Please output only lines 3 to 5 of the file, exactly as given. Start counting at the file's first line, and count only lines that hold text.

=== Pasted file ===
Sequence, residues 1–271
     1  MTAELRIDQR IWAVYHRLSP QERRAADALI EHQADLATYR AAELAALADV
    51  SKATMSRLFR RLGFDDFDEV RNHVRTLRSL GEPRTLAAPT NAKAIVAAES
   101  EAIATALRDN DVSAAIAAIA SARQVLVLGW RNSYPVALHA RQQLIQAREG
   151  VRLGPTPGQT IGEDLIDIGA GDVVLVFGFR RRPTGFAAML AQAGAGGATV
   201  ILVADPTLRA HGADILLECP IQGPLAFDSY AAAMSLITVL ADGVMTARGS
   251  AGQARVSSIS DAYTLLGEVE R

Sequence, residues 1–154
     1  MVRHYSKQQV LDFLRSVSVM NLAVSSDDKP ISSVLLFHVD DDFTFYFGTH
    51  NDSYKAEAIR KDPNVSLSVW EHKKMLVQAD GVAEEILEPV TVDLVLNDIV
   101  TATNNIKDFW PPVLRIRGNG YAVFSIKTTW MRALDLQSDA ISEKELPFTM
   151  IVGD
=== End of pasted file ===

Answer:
    51  SKATMSRLFR RLGFDDFDEV RNHVRTLRSL GEPRTLAAPT NAKAIVAAES
   101  EAIATALRDN DVSAAIAAIA SARQVLVLGW RNSYPVALHA RQQLIQAREG
   151  VRLGPTPGQT IGEDLIDIGA GDVVLVFGFR RRPTGFAAML AQAGAGGATV